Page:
The Presbyter Jachintus in the Holy Places

Professor Ora Limor
Professor Ora Limor

 Blog-post author Professor Ora Limor, The Open University of Israel

Dating the pilgrimage of Presbyter Jachintus

When did the Presbyter Jachintus make his pilgrimage to the holy places? We have in hand only one page of an only copy of the text he wrote to recount his visit, and it is of little use in answering this question. The surviving fragment holds only a description of Bethlehem, a mention of Rachel’s Tomb and part of a description of the Holy Sepulchre. This is a great pity, as the traveler had a sharp eye and was more interested in architectonic elements than any other known traveler of the Early Middle Ages. Deeply impressed by the monuments he had seen, the Presbyter Jachintus penned the only Holy Land itinerary from Iberia we possess after Egeria’s letter in the late fourth century.

Church of the Nativity, Bethlehem
Church of the Nativity, Bethlehem

Jachintus’ fragment, written in a Latin that reveals constructions close to Romance languages, was discovered by Zacarías García Villada in the library of the Cathedral of León. García Villada dated the fragment, after its paleographical data, to the tenth century. The date of the pilgrimage is more difficult to establish. At the beginning of his narration, Jachintus writes that the city of Bethlehem is destroyed (Civitatem Bethlem destructa est). García Villada, followed by Wilkinson in his translation of the text (Jerusalem Pilgrims before the Crusades, 1972, pp. 11, 123, 205), took this detail as key for dating it. García Villada believed that the destruction was caused either by the Persian or by the Muslim conquest (614, 637) and thus placed the visit sometime between the seventh and the tenth centuries. Wilkinson connected the destruction to an earthquake, perhaps the one that occurred in 746, and thus dated the pilgrimage to the eighth century. Both suggestions are problematic. It is well known that the Holy Land churches were rehabilitated soon after the Persian sack and that the Muslim conquest was not violent. As for the 746 earthquake, Theophanes writes that it caused destruction mainly in the Judean Desert, and Agapius mentions Tiberias, but none relate to Bethlehem in particular.

While these earlier works take Bethlehem as a guide, a new dating was suggested after the Holy Sepulchre description. Martin Biddle (1994, 1999) has argued that Jachintus is clearly describing the aedicule of the Holy Sepulchre as rebuilt in the eleventh century, in the course of the renovations following the destruction caused in 1009 by the Fatimid caliph Al-Hakim. The aedicule remained in this form for centuries, but its precise date of construction is unknown. It had to have been built before 1047, however, when the Persian traveler Naser-e Khosraw wrote about it in its new form.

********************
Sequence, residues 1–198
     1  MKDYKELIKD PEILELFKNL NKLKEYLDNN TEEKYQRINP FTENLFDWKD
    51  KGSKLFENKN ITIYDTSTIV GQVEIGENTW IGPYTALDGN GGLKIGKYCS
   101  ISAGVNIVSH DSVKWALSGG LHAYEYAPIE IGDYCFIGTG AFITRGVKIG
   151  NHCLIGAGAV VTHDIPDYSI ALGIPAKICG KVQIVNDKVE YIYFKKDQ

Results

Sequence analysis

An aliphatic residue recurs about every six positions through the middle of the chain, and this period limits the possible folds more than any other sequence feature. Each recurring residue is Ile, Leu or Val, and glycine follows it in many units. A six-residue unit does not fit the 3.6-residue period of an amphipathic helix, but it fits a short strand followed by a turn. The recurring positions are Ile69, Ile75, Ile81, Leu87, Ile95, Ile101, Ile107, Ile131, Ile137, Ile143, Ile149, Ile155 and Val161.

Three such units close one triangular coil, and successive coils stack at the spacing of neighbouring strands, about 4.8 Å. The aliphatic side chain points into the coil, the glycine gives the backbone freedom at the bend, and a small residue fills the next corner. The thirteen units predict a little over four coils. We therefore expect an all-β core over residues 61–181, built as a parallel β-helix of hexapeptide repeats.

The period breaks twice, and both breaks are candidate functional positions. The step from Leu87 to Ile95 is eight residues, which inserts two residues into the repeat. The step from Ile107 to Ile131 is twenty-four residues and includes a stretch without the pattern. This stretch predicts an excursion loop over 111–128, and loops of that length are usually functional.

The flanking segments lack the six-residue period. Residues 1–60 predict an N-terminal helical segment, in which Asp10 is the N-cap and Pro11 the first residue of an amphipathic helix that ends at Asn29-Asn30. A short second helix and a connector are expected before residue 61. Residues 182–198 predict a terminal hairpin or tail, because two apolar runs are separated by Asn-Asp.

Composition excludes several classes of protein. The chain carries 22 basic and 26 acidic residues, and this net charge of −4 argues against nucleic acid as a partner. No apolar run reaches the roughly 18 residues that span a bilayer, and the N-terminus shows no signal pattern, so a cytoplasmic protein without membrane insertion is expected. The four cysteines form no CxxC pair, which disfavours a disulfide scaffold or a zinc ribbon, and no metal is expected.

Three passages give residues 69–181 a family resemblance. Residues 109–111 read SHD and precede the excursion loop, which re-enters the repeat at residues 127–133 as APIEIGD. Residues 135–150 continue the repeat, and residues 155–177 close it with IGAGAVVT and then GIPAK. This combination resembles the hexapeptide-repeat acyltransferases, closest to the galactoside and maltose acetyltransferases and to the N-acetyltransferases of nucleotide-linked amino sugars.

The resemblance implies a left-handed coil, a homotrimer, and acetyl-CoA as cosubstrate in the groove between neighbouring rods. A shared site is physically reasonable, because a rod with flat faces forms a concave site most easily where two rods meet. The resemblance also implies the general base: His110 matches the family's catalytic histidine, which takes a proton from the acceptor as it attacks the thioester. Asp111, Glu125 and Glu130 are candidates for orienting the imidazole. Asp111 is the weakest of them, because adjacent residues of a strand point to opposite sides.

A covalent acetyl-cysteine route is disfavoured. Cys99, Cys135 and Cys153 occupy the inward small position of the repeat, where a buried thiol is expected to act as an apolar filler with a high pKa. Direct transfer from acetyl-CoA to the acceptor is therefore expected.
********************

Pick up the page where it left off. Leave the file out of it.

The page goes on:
The aedicule of the Holy Sepulchre, Jerusalem
The aedicule of the Holy Sepulchre, Jerusalem

Biddle recruits Jachintus to solve the problem. He suggests that Jachintus visited the church in the eleventh century, after the building of the aedicule, and that the León manuscript was copied later in that century. Following this notion, in his new edition of his Jerusalem Pilgrims before the Crusades (2002), Wilkinson changed the dating of the text to the eleventh century. Biddle’s suggestion is based on a single sentence at the end of the fragment, describing three windows (fenestre tres) on which the mass is celebrated. Biddle claims that these fenestre are the three windows in the marble covering the tomb, described by the Russian monk Daniel in 1106-1108, and thus exhibit the aedicule as constructed in the eleventh century. Nevertheless, as Biddle himself notes, the reference to the three fenestre comes at the end of the description of the aedicule, after the roof, and thus is out of sequence. If the three windows are indeed those known from Daniel’s treatise, they ought to have been mentioned within the aedicule and not in its exterior. As such, it is hard to know exactly what Jachintus is discussing. The dating of the text thus remains an open question.


  1. Catedral de León, Codex 14, fol. 5.
  2. Zacarías García Villada, “Descripiones desconocidas de Tierra Santa en códices españoles”, Estudios Eclesiásticos 4 (1925), pp. 322-324.
  3. Julio Campos, “Otro Texto de Latin Medieval Hispano: El Presbítero Iachintus”, Helmantica: Revista de filología clásica y hebrea 8 (1957), pp. 77-89.
  4. John Wilkinson, Jerusalem Pilgrims before the Crusades (Jerusalem, 1978), pp. 11, 123, 205; John Wilkinson, Jerusalem Pilgrims before the Crusades (Warminster, 2002), pp. iii, 27, 404.
  5. Martin Biddle, “The Tomb of Christ: Sources, Methods and a New Approach” in Churches Built in Ancient Times: Recent Studies in Early Christian Archaeology, ed. Kenneth Painter. Series:  Occasional Papers from the Society of Antiquaries of London, 16 (London, 1994), pp. 73-147, at p. 140, n. 14; See pp. 106-8.
  6. Martin Biddle, The Tomb of Christ (Stroud, 1999), pp. 85-88, 152, n. 61, 153, n. 68.